Srikanth Srinivasan, on his blogThe Seventh Art:
A Summer at Grandpa’s (1984) is a tale of transition – from the chaotic life in the city to la dolce vita of the countryside, from the ennui of scientific modernity to the fascination with nature’s antiquity and from the blissful ignorance of childhood to the mercurial moods of pre-adolescence – and, fittingly, begins with the graduation ceremony of one of the two child protagonists of the film, who are to spend their titular summer at their grandfather’s house while their mother is to undergo a critical surgery in the city. Surely, it is not only the mother who is going to be going through a life-altering phase. The kids come across a host of alien characters and situations, including a pair of robbers and a mentally-challenged woman, that are so intricately woven into the narrative that even the adult viewer finds it increasingly difficult to locate his/her moral footing with respect to the film. A Summer at Grandpa’s is starkly redolent of Victor Erice’s The Spirit of the Beehive (1973) in the way it filters the political and moral complexities of the world though the eyes of children to paint an unsettling portrait of a society that is far from being the paradise it appears to be on the surface. Hou observes, with equal intrigue, both the carefree indulgence of the children in social games (including a hilarious turtle race) and the stark reality that interrupts these activities, as if trying to remind them that the best part of their lives is over.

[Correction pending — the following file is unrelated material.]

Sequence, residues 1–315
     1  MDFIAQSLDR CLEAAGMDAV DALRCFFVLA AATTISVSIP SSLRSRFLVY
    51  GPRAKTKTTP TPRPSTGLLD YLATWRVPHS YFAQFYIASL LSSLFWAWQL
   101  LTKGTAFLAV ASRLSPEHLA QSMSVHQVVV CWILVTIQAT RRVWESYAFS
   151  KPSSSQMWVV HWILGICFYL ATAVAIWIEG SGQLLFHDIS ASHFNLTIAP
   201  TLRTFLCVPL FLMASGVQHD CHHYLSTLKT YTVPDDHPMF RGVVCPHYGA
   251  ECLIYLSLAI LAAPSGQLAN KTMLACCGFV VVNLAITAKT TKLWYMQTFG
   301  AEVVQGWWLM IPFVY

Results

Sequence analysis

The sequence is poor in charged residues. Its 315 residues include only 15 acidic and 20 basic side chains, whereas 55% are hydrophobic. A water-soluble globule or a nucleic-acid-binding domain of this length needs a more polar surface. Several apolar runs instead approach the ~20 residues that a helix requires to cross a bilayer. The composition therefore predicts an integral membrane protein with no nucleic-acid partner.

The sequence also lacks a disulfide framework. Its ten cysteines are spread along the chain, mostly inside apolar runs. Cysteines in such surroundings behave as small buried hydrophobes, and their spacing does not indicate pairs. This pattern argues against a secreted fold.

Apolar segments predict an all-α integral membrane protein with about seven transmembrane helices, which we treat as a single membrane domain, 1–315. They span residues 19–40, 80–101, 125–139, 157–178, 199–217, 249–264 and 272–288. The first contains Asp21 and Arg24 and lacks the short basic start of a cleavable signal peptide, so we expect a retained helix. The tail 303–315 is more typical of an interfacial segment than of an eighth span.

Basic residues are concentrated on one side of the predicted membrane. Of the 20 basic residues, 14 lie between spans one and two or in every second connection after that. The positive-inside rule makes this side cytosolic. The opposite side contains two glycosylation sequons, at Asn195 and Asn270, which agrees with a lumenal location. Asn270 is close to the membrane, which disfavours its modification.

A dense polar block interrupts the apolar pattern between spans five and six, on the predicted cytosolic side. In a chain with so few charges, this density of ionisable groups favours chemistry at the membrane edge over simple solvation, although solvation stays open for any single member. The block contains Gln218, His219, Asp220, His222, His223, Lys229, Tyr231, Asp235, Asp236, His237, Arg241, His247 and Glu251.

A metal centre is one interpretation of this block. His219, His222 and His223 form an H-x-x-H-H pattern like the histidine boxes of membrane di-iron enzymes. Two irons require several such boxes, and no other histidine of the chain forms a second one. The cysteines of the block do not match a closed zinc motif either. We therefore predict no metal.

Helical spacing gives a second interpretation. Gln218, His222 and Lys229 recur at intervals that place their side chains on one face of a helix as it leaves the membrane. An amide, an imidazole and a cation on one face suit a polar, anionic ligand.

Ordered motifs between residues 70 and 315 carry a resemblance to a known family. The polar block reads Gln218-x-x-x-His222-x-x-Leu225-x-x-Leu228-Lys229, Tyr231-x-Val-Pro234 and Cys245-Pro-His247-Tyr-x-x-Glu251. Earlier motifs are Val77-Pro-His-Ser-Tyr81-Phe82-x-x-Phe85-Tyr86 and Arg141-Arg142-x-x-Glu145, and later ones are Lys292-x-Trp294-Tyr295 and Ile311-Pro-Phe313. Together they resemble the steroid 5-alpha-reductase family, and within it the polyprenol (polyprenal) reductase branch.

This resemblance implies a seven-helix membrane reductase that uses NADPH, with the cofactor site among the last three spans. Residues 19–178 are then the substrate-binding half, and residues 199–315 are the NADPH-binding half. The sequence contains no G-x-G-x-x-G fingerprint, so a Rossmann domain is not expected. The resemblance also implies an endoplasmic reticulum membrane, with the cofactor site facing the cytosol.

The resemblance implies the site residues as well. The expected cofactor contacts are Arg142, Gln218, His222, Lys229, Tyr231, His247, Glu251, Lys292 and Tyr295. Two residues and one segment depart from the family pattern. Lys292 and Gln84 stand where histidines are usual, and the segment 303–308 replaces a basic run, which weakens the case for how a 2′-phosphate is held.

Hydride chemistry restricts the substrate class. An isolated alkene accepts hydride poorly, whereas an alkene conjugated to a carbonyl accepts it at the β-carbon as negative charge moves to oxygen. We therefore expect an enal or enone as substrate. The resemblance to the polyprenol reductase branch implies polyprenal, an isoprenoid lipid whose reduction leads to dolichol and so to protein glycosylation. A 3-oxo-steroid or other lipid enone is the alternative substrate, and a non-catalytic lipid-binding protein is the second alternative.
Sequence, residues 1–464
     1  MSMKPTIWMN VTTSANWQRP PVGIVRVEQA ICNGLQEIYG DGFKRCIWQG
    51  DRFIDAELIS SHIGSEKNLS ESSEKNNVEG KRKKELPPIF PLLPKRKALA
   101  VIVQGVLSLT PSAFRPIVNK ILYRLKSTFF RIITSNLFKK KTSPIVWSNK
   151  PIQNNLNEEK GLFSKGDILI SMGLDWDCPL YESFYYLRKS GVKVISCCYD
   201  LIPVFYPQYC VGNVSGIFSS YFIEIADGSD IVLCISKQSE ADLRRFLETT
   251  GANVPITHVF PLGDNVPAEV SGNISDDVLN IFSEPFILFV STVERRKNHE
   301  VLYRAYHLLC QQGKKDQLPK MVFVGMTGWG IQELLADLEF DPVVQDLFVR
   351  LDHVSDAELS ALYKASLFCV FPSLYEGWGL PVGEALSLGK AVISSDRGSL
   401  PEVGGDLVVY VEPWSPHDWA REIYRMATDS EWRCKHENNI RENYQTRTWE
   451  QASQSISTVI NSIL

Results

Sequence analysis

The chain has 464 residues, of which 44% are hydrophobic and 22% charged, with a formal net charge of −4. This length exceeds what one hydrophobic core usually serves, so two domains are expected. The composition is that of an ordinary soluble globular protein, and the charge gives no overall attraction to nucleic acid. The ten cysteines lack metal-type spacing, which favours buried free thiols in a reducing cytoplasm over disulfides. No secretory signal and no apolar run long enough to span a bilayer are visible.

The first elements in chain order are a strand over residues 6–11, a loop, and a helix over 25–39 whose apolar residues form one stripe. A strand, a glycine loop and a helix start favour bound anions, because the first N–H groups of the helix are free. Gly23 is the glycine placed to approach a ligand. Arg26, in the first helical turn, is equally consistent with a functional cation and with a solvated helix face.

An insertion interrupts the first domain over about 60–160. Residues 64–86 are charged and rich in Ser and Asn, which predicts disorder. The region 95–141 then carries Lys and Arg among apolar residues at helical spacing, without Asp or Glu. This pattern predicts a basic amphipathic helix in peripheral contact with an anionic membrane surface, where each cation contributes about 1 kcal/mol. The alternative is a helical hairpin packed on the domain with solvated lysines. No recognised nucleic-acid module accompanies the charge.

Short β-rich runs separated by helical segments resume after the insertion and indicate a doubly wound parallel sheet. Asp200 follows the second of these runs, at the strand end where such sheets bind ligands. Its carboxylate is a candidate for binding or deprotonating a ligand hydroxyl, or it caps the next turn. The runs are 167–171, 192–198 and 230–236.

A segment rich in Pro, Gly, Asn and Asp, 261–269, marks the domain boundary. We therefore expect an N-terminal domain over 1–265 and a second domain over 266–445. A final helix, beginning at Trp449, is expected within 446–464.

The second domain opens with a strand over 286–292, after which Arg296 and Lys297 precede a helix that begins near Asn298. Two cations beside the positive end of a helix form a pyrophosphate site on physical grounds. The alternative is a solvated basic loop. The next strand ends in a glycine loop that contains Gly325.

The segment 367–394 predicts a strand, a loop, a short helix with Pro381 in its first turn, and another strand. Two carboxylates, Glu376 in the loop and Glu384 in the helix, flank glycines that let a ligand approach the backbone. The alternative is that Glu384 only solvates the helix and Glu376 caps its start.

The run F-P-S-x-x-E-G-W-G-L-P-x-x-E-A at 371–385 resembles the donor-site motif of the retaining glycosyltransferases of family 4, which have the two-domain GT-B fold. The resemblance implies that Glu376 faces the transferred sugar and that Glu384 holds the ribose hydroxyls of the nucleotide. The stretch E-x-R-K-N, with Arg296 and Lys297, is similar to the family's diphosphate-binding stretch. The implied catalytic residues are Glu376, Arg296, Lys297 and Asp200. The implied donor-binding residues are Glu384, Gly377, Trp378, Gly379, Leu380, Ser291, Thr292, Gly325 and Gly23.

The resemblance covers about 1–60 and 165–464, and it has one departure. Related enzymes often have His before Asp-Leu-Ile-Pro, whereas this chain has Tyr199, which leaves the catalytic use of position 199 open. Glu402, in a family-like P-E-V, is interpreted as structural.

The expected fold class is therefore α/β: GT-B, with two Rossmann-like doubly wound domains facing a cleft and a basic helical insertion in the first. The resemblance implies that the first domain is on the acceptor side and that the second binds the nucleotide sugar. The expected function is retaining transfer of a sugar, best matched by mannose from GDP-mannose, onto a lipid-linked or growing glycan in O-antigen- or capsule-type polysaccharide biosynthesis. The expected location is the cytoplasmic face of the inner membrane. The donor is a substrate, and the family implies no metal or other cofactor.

James Udden, in No Man an Island: The Cinema of Hou Hsiao-Hsine:
In A Summer at Grandpa’s, Hou already seems more self-aware than in The Boys from Fengkuei. Boys is based primarily on his own experience. Now this story is based on Chu Tian-wen’s childhood memories of a summer in exactly the same location. The film serves as further evidence of Chu’s impact on Hou. One Taiwanese scholar notes that Chu’s narration is somewhat “disorderly” since it is “essay-like,” with unexpected complications, obstacles and difficulties. “Essay-like” seems a particularly apt description here: the structure of A Summer at Grandpa’s overall seems almost like a series of memorable incidents that would fill a “What I Did Last Summer” essay on the first day of a composition class. Only there is nothing child-like about this cinematic “essay” no matter how vividly it captures the feelings of childhood. rather, it reflects the adult transformations of such memories by expert and talented hands, showing not childhood “as id really is,” but how it lingers in one’s memories as an adult, colored by the subtle nuances of time and experience. These transformations make what could have been a simple children’s story into a deeper and more sophisticated work, once again with multiple hidden layers of feeling.
Zhang Yi has this to say about his own films, “I am most dissatisfied with how I have handled my own images. I would love for my shots to move freely about just like Bernardo Bertolucci’s and bring the audience into the deeper layers of reality, but given the present conditions of production, is this even possible?” Hou, on other hand, apparently had no desire to be a Bertolucci; he did not restrict his camera movements out of necessity, but out of conscious choice. The doctor’s clinic [in Summer at Grandpa’s] played a key role, since the octogenarian doctor still lived there and was still practicing medicine when the film was in production. As a result of these logistical hassles, Hou and his crew had to work around the doctor’s schedule, which always included a long siesta around noon during which time the film crew had to be absolutely quiet. Those imposed siestas, with their resonating stillness and tranquility, profoundly affected Hou. He says he fell in love with that certain atmospheric quality. Thus, for the first time he purposefully kept the camera still on an attempt to capture that feeling on film. As a result, another piece of the aesthetic puzzle fell into place, and a crucial one at that.
J. Hoberman on director Hou, for the Village Voice: